Self-help guru Jay Shetty — who officiated Ben Affleck, Jennifer Lopez wedding — lied about past, plagiarized social media posts: report

New York Post/March 1, 2024

By Ariel Ziber

Jay Shetty, the self-help podcaster and bestselling author whose Hollywood status led him to officiate the wedding of Ben Affleck and Jennifer Lopez, plagiarized social media posts and lied about key aspects of his life while climbing the ladder to stardom, according to a damning exposé.

Shetty, the author of bestselling books “Think Like a Monk: Train Your Mind for Peace and Purpose Every Day” and “8 Rules of Love: How to Find It, Keep It, and Let It Go,” falsely claimed to have spent three years in a temple in India, according to a report by the British newspaper the Guardian.

The host of the popular “On Purpose” podcast, whose guests have included the likes of Michelle Obama and other celebrities, has also concealed his past affiliation with a Hare Krishna sect, members of which were once accused of child sexual assault and corporal punishment, it was reported.

Shetty also appears to have misrepresented certain aspects of his biography, including the anecdote about how his life was changed at the age of 18 when he heard a lecture by a monk, the report alleged.

Shetty’s resume includes a degree in behavioral science from a business school that doesn’t even offer it, the Guardian reported.

The report alleged that Shetty’s life-coaching school, the Jay Shetty Certification School, charges thousands of dollars while claiming that enrollment offers students “progression arrangements” with British universities — all of which deny any link to the school.

Shetty markets himself as a “Vedic monk” while neglecting to mention that he spent years growing up in the International Society for Krishna Consciousness — or Iskcon, a movement that attracts devotees who eschew drugs, alcohol, illicit sex and other vices as a way to reach spiritual enlightenment.

In the 1970s and ’80s, children who were sent to boarding schools in the US and India that were run by the movement were reportedly subjected to widespread physical, emotional and sexual abuse.

Shetty does not highlight this aspect of his spiritual upbringing while espousing a secular form of spirituality that relies on “pop psychology,” according to the Guardian.

According to Shetty, he was a normal Brit of Indian extraction who was on the verge of entering the corporate world while enrolled at business school.

But a lecture by a monk inspired him to abandon that life path in favor of an austere living as a penniless spiritual student in India for three years.

The spiritual and religious epiphanies that he experienced during his time at an ashram outside Mumbai led him to spread the gospel to the masses — resulting in the formation of his media empire.

Shetty’s ex-girlfriend also disputes part of the claim. She told the Guardian that Shetty spent the majority of those three years as a monk in Watford, a town just outside London, and only visited India occasionally.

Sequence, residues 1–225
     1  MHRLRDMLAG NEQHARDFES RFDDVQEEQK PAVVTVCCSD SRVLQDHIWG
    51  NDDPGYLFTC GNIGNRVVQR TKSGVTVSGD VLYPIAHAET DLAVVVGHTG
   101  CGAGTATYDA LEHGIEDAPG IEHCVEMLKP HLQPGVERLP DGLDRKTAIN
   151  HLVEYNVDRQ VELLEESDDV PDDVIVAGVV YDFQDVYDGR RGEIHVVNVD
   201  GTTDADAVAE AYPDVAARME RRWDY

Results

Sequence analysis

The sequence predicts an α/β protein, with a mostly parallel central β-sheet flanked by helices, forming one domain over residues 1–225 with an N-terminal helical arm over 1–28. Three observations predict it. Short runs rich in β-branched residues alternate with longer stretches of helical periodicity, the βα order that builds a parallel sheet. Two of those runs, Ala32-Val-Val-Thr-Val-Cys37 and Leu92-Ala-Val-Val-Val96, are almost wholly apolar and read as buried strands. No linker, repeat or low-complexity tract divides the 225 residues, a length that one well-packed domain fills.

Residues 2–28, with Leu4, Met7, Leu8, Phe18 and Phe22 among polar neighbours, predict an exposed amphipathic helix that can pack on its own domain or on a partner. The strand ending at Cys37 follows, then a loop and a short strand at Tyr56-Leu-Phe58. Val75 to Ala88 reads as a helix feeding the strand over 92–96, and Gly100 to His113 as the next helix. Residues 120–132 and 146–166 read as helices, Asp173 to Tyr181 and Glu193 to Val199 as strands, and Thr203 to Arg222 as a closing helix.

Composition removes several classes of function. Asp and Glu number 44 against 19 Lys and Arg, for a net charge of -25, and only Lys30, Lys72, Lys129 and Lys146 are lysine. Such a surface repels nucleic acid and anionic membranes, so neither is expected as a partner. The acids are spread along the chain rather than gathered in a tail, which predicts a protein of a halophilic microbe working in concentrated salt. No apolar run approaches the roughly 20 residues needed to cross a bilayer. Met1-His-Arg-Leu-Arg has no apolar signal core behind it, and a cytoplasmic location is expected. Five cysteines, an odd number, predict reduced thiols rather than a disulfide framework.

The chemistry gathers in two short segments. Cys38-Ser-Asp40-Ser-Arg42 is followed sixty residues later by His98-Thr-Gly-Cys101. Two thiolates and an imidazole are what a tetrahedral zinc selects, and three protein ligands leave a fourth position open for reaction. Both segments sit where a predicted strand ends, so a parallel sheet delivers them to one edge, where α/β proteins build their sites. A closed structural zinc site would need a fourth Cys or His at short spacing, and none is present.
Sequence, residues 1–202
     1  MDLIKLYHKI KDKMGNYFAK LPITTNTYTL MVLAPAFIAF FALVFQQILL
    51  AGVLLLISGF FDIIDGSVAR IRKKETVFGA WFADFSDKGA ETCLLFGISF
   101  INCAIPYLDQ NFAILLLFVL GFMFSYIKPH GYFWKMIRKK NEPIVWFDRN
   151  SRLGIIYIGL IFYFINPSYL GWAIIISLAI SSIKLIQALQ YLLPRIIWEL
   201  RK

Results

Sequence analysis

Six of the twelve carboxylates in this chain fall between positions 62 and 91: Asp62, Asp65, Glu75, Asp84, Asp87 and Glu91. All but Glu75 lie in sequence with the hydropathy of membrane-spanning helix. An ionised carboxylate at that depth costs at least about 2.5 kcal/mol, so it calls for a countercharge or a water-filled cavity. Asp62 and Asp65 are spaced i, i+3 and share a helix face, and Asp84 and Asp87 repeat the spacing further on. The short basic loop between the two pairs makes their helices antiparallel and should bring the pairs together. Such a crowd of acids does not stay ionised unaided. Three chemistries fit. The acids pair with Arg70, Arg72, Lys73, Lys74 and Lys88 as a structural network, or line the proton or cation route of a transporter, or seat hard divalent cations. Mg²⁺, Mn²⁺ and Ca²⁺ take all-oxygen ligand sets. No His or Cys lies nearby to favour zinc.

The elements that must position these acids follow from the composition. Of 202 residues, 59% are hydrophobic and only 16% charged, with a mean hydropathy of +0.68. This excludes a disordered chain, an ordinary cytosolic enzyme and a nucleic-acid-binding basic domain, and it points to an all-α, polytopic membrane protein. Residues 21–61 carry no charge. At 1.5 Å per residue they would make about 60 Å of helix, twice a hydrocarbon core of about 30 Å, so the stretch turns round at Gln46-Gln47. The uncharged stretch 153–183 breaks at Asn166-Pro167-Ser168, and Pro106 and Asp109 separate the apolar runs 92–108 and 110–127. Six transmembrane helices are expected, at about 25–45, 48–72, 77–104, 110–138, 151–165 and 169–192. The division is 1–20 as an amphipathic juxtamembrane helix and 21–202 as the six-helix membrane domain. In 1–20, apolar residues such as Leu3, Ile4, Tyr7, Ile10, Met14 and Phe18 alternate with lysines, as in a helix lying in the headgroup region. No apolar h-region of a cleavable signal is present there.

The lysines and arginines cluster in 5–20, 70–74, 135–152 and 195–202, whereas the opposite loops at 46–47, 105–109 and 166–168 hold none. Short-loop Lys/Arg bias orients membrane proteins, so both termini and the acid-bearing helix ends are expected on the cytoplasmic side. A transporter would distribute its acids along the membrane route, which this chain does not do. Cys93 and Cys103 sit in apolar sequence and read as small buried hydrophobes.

Lawyers for Shetty told the Guardian that his time as a monk began in May 2010, when he moved into Bhaktivedanta Manor in Watford. Three months later, he moved to India, his lawyers said.

“Mr. Shetty spent most of his time in India with trips back to Bhaktivedanta Manor as Mr. Shetty was encouraged by his mentors at the monasteries in India to spend time serving in the community where he was raised,” the attorneys said.

Shetty “lived and traveled across India, the UK and Europe” during the period when he was a monk, according to his lawyers.

The Guardian also cited an interview that Shetty gave to an Iskcon-affiliated news site which quotes him as saying that “we can connect people across the world with Krishna consciousness, and start a revolution online” with blogs, videos, social media posts and “presentations at universities” as a way to reach “the Apple generation.”

But Shetty’s lawyers denied that “converting people to ‘Krishna consciousness'” was their client’s aim.

His book “Think Like a Monk” is a means for “sharing the ancient wisdom he learned as a monk in a practical, accessible, relevant, and transformational way.”

After his experience at Iskcon, Shetty gained a mass following on Facebook and YouTube by posting self-help content.

But much of the content was authored by Iskcon youth who were not credited by Shetty.

Shetty also had the content posted by Iskcon members who were not paid for their work, it was alleged in the report.

“Mr. Shetty did ask and encourage friends to post, share, like, and subscribe to his content,” according to Shetty’s lawyers.

“Some friends assisted Mr. Shetty with filming and editing. Mr. Shetty did not make promises or represent to individuals or organizations that they would be paid for posting, sharing, liking and subscribing to his content.”

The Post has sought comment from Shetty.

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